Every mother and father around us struggles with their own internal battles, fought on the fields of their minds and hearts – often unheralded, under-emphasized and ignored by others. Why do we fall casualty to our perceptions of other parents so quickly? Why is there a lack of acceptance for our own styles and mistakes in the face of doing our best? I think the roots can be traced directly to how darn hard parenting is and how we are more prone to compare ourselves to others silently rather than offer and accept the validation and support we are each so desperately in need of.
Think about it. Parenting can be one of the most invalidating roles there are. There may be very little gratification from your work received until your child is an adult and even then that child has their agency to make their own choices. I can imagine that there will always be a part of me that questions if the choices my children make in the future can somehow be tied back to me and my parenting, for worse or for better.
Heavenly Father and Mother are perfect parents. They know each child individually, inside and out. They can cater their parenting style precisely to what each child needs in every particular instance. They have raised billions of children spiritually to perfection before sending them to Earth. And what do they find? That billions of their children are rebellious, unhappy, selfish, prideful and otherwise uninclined to do good. How do they do it? Their flawless parenting is underrepresented significantly. What hope do I have as a flawed parent?
Despite our struggles, we know that parenthood is the essence of Godhood and Godhood is the pinnacle of joy, knowledge, wisdom, righteousness, and everlasting happiness. So we struggle through our imperfections, finding moments of happiness on the way that we cling to with the enduring hope that we aren’t screwing up our children too much and when the doubts set in we fight back our individual mental complexes, hoping that others don’t see the mistakes we make. But is that enough? Can we receive all the help we require through our own willpower?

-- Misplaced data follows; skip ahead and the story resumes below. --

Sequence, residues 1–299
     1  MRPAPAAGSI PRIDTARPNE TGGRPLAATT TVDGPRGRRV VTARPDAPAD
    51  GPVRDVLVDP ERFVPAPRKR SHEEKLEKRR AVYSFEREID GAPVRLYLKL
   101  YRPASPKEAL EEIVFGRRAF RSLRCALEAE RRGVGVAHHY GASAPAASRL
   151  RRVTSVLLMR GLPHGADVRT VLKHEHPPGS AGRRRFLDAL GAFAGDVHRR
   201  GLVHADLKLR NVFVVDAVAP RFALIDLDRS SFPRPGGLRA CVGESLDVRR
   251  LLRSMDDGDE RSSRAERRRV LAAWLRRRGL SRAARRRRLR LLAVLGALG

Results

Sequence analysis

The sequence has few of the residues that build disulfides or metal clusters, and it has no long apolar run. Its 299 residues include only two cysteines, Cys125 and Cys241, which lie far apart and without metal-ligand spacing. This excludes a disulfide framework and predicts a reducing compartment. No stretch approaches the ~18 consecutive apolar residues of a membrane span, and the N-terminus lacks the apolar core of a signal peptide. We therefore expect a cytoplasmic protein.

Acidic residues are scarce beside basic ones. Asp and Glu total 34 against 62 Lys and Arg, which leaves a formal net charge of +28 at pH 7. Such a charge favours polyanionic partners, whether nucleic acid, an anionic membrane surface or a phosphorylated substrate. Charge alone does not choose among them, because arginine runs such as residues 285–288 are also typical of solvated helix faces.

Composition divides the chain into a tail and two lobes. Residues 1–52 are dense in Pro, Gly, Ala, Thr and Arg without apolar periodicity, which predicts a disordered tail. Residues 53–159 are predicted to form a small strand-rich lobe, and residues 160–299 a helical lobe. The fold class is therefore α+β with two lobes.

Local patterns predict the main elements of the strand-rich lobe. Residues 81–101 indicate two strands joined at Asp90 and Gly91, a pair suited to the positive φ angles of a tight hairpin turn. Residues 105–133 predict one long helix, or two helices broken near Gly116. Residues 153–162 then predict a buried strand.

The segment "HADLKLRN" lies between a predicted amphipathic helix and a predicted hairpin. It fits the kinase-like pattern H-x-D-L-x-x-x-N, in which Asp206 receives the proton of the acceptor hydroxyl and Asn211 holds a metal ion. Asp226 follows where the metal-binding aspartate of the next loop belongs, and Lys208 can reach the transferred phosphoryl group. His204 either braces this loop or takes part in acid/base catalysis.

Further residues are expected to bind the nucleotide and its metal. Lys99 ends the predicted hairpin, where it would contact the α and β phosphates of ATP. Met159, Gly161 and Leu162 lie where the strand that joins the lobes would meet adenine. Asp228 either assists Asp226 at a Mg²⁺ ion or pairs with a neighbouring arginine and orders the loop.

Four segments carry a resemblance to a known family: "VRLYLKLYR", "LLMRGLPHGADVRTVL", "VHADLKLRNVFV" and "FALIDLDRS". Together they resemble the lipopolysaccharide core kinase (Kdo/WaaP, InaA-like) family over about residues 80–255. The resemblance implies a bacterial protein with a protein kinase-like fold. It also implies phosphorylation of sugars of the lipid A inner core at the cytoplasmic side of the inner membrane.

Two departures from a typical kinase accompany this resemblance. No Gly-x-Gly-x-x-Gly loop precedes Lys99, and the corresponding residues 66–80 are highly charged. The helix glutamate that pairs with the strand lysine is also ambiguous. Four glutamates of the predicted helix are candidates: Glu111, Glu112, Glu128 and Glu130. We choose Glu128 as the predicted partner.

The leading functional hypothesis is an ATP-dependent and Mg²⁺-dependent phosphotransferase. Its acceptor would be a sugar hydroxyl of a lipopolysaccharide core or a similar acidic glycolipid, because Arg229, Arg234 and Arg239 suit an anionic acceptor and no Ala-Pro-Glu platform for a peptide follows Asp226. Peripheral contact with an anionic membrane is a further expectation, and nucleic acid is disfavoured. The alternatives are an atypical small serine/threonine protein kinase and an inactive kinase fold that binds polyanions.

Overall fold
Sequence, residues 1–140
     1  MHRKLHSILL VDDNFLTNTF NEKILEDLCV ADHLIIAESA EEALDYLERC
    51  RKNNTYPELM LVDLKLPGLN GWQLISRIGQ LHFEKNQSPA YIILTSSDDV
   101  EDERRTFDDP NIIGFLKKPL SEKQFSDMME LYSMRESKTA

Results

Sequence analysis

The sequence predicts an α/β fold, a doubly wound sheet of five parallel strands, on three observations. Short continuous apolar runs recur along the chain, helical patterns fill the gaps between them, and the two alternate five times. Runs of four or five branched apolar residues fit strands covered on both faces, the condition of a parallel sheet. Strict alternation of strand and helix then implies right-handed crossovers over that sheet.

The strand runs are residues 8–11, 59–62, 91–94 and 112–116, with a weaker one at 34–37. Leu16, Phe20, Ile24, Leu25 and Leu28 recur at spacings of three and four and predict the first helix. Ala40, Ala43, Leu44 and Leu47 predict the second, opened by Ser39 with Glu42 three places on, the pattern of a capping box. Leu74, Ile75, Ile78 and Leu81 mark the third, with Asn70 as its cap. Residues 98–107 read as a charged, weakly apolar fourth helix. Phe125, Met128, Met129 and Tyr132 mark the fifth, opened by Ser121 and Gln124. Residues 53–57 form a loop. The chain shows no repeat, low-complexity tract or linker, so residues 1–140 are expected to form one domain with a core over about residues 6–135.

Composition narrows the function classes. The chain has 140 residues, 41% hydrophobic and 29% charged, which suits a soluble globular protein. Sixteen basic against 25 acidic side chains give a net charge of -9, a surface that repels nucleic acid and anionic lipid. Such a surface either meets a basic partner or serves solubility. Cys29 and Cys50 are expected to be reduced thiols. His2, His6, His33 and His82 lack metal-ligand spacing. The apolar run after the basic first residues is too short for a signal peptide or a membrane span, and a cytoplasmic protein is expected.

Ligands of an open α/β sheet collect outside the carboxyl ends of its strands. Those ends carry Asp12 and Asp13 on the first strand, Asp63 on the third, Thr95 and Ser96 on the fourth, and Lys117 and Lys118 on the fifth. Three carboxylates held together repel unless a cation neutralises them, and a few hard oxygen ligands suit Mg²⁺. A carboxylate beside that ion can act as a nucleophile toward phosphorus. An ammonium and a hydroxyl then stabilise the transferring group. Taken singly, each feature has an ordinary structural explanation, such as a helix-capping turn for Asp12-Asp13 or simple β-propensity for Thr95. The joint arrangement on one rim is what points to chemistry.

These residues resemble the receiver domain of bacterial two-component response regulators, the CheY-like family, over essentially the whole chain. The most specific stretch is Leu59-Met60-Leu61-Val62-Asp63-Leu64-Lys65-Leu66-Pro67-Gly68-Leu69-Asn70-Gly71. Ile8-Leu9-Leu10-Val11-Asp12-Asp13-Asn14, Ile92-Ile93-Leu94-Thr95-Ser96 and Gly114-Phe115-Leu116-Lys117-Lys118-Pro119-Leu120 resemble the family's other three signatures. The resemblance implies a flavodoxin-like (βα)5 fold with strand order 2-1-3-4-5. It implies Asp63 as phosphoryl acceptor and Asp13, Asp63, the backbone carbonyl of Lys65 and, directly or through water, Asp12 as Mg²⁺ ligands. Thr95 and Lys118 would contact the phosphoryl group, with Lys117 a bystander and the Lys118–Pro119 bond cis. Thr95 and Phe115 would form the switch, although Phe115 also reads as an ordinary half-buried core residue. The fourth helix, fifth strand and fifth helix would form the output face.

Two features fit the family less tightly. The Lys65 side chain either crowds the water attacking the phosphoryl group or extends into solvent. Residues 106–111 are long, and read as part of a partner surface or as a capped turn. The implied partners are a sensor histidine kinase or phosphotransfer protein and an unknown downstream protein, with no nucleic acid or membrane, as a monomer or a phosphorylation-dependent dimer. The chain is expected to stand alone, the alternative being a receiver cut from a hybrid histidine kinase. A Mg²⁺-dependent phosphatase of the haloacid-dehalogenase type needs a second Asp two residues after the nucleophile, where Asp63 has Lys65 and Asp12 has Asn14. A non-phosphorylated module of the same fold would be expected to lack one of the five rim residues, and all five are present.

Since it’s hard to feel validated through our children directly at times, the least we can do is offer that security and encouragement to each other. Too often we critique others and compare ourselves in a role where almost no commonalities exist, other than the fact that we all have children. How much better would our energy be spent if we were forgiving of ourselves and others, and refused to draw comparisons and assumptions where they just shouldn’t be made? We will not be ranked against each other in the eternal courts of Heaven, so why bother filling out our earthy brackets now?
The most important thing is that we keep perspective on the work we are doing – a work of
eternal importance -, that we give our best efforts in supporting and raising our family, and that we are kind to others who may be in similar situations. There is much joy to be had as we raise these spirit children of God, and all the more if we celebrate each other as parents who are all doing their best. As we do so, we may all find our mental weapons of warfare buried, and our minds and hearts more clear and capable of cherishing the things that matter most. That alone is a cause worth fighting for.